- ©2000. AAPG/DEG
The focus of this article is to demonstrate through physical model experimentation a potential means for identifying contaminated areas where a light non-aqueous phase liquid (LNAPL) hydrocarbon has been redistributed by a rising water table in a previously hydrocarbon residual–free vadose zone using ground-penetrating radar (GPR). Analogies of the experimentation conducted in this study are situations where a rise of the water table follows leakage from a tank or pipe at depth or where an LNAPL hydrocarbon plume has migrated laterally from a surface source along the top of the saturated zone and a subsequent rise of the water table occurs. Research to date has provided insight into mechanisms that may offer the potential for LNAPL detection under certain field conditions; however, no studies have specifically focused on developing a potential detection strategy for a case in which residual hydrocarbon is present in a water-saturated medium.
A tank model filled with gravel and sand was designed to allow GPR measurements to be made on the surface before, during, and after water and gasoline injections and fluctuations within the tank. Background GPR measurements were made initially with only water being raised and lowered in the model, and the water table was then raised and lowered beneath a volume of 219 liters of gasoline that was injected into the bottom of the tank. Measurements from the initial raising and lowering of the water with no gasoline present demonstrate the sensitivity of GPR for monitoring changes in subsurface water content and minor fluctuations of the water table. Measurements made during the raising and lowering of the water table with gasoline in the model show differences from the measurements made when only water was raised and lowered, and a comparison of the data show that reflections in GPR data can be enhanced when residual gasoline is present in a water-saturated system because there is less attenuation of the radar signal. Differences in travel times to subsurface reflections between the two stages of the experiment are also caused by the residual gasoline present in the water-saturated medium. Results of this study provide the basis for a strategy that has the potential for successful detection and delineation of LNAPL hydrocarbon–contaminated areas at field sites where the conditions are similar to those modeled through this experimentation.
Key Words: contaminant detection, ground-penetrating radar, hydrocarbon, light non-aqueous phase liquid, vadose zone.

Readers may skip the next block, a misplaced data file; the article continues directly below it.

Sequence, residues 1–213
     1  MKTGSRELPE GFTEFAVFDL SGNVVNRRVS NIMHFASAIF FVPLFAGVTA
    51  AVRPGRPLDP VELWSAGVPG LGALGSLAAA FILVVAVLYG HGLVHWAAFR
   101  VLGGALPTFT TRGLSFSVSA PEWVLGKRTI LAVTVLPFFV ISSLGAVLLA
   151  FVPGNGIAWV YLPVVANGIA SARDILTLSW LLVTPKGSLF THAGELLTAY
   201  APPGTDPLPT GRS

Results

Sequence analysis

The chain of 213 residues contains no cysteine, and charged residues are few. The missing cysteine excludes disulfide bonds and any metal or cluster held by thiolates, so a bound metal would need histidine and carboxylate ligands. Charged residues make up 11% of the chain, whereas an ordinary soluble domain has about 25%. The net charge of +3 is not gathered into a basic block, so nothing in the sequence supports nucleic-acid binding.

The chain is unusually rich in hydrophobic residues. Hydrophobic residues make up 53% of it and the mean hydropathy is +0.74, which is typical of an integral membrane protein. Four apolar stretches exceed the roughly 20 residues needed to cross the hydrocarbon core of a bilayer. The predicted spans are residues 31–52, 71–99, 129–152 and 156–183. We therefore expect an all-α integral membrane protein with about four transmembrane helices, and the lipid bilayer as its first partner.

Changryol Kim received a B.S. (1986) in geology from Yonsei University (Seoul), and an M.S. (1997) in geology from The Ohio State University and is currently working on his Ph.D. at The Ohio State University. His research interests include LNAPL detection, the effects of seasonal variations on GPR data, and GPR data processing and modeling. He is a member of EEGS, SEG, and AGU.
Jeffrey Daniels received his B.S. (1969) and an M.S. (1970) in geology from Michigan State University and a Ph.D. (1974) in geophysical engineering from the Colorado School of Mines. He worked for 11 years for the U. S. Geological Survey in Denver with primary interests in borehole geophysics. In 1985, he joined the faculty of the Department of Geological Sciences at The Ohio State University. His current areas of research interests involve using GPR to image the shallow subsurface for engineering and environmental applications. He is a member of AGU, EEGS, SEG, and SPWLA.
Erich Guy received his B.S. (1996) in geology from Mount Union College and an M.S. (1998) in geology from Bowling Green State University, and is currently working towards his Ph.D. at The Ohio State University. His current research interests focus on various aspects of surface and borehole GPR as well as seismic data processing and interpretation for environmental, geotechnical, and geologic applications. He is a member of AAPG, AEG, AGU, DEG, EEGS, GSA, and SEG.
Stanley Radzevicius received a B.A. (1992) in earth science, a B.A. (1992) in mathematics from Saint Cloud State University, and an M.S. (1995) in geophysics from Indiana University, and he is currently working on his Ph.D. at The Ohio State University. His research interests include LNAPL and DNAPL detection using geophysics, electromagnetic modeling, the use of GPR polarization and antenna pattern information to improve subsurface imaging and interpretation, and various aspects of seismology. He is a member of AAPG, AGU, DEG, EEGS, IWRA, OGS, and SEG.